Bruce Springsteen’s new song Radio Nowhere features one of his old rallying cries – “Is there anybody alive out there?”
Yesterday, he turned up on the Today show in the United States to ask that question again.
Whereas ‘regular’ superstars write easy listening love songs and elegies to Princess Diana, Springsteen has cast his net wider than any other major artist. He wrote a whole album about the exploitation of migrant workers (The Ghost of Tom Joad), and has written songs about police brutality and the Iraq war.
He defended the Dixie Chicks against right-wing America and attacked President Bush over his failures in New Orleans.
During the Today appearance he listed many great things about America.
Then he added: “But over the past six years we’ve had to add to the American picture: rendition, illegal wiretapping, voter suppression, no habeus corpus, the neglect of our great city New Orleans and its people, an attack on the Constitution. And the loss of our young best men and women in a tragic war.
“This is a song about things that shouldn’t happen here—happening here.”
Two notes on Cardiff Council’s proposal to sell-off 40 per cent of Cardiff Bus.
Firstly, as I revealed in last week’s Big Issue Cymru, the plan actually goes against the Lib Dem national policy.
In only September 2006, the party voted to reverse bus privatisation.
Secondly, council leader Rodney Berman might want to look closely at Bournemouth where city Lib Dems sold off that city’s buses in 2005 and have seen continuing criticism of the private operator Transdev.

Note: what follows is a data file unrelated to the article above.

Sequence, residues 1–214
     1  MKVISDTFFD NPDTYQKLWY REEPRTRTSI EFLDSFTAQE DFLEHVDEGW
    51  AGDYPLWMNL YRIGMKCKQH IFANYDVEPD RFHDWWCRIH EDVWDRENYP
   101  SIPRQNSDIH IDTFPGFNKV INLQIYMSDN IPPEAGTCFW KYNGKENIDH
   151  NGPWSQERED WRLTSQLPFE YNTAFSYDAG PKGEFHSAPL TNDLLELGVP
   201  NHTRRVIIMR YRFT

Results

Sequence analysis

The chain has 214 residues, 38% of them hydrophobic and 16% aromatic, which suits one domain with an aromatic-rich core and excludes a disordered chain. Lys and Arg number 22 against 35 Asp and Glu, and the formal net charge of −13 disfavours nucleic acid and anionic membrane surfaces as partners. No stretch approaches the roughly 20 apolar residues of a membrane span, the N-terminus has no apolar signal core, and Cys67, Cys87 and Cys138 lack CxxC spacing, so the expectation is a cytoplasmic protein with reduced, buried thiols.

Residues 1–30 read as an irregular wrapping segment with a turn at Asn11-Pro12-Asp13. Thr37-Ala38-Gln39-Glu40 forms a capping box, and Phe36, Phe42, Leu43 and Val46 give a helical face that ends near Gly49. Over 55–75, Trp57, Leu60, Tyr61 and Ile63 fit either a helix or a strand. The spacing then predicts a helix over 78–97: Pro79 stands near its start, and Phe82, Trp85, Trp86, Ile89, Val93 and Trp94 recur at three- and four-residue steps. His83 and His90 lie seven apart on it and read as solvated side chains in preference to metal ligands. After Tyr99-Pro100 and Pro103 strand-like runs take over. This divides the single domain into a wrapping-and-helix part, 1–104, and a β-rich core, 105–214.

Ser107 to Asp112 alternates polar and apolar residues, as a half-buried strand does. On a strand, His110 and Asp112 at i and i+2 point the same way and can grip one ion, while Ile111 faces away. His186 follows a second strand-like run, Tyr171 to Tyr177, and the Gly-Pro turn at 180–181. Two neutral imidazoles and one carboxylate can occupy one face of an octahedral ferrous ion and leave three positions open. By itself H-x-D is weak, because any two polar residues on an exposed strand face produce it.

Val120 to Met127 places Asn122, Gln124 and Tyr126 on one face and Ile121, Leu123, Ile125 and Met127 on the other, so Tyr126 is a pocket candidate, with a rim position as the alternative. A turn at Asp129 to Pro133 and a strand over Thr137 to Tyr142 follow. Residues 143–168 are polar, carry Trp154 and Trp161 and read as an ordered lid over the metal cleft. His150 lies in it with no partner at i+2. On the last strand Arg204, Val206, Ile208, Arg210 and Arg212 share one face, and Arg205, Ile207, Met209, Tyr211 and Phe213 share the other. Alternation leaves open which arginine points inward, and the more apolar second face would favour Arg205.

In August, in response to yet another passenger protest, Transdev told the Bournemouth Daily Echo a route was being changed because there were “insufficient people travelling to justify a commercial service.”
The sell-off proposal is part of a wider attempt to privatise council services and follows a report which Cardiff council commissioned from Price Waterhouse Coopers.
Unison has launched a campaign against the plan.
My God. I’ve been tagged by gwe. And on a Monday morning.
And asked for my earliest political memories.
Not easy for a man who can’t remember what he had for tea last night.
I’m pleased to say I’m younger than gwe and so was just a tiny babe in arms in the summer of 1969 when – as gwe recollects – Wales witnessed the investiture of Charles as Prince of Wales.
I was drooling on my bib and making gargling noises at the time. I suspect gwe, though older, might have reacted in a similar fashion for different reasons.
I always felt political, I assume, because my parents felt political.
In my school there was a surprising amount of nationalist feeling. Saundersfoot had a very high proportion of English families. Football at break time was always England against Wales and the English always outnumbered the Welsh by three or four to one.
I hope now I’ve left that schoolyard nationalism behind. But a pain remains.
Even though I was growing up in Pembrokeshire, the main political event of my young life was without doubt the miners’ strike.
There had been questions in my house about the flag-waving surrounding the Falklands war. And I remember being branded a Communist early in secondary school for questioning it.
The miners’ strike, though, seemed like a real cause. It is the first time I remember feeling angry about a political issue.
And I still do.
:: I’m tagging Respectable Citizen
What is the delay in the latest negotiations on the St Athan training academy development?
Earlier this year Derek Twigg (junior defence minister) explained: “Metrix Consortium have been declared the preferred bidder for package 1 of the Defence training review programme.
“For package 2 there is a significant affordability gap and work has been ongoing to develop a whole programme solution.
“The scale of the facility to be constructed at St. Athan will therefore depend on the outcome of this further work with Metrix.
“Our current forecast indicates that construction at the St. Athan site is planned to start after contract signature in late 2008, or early 2009, with the final phase of completion scheduled for 2013.”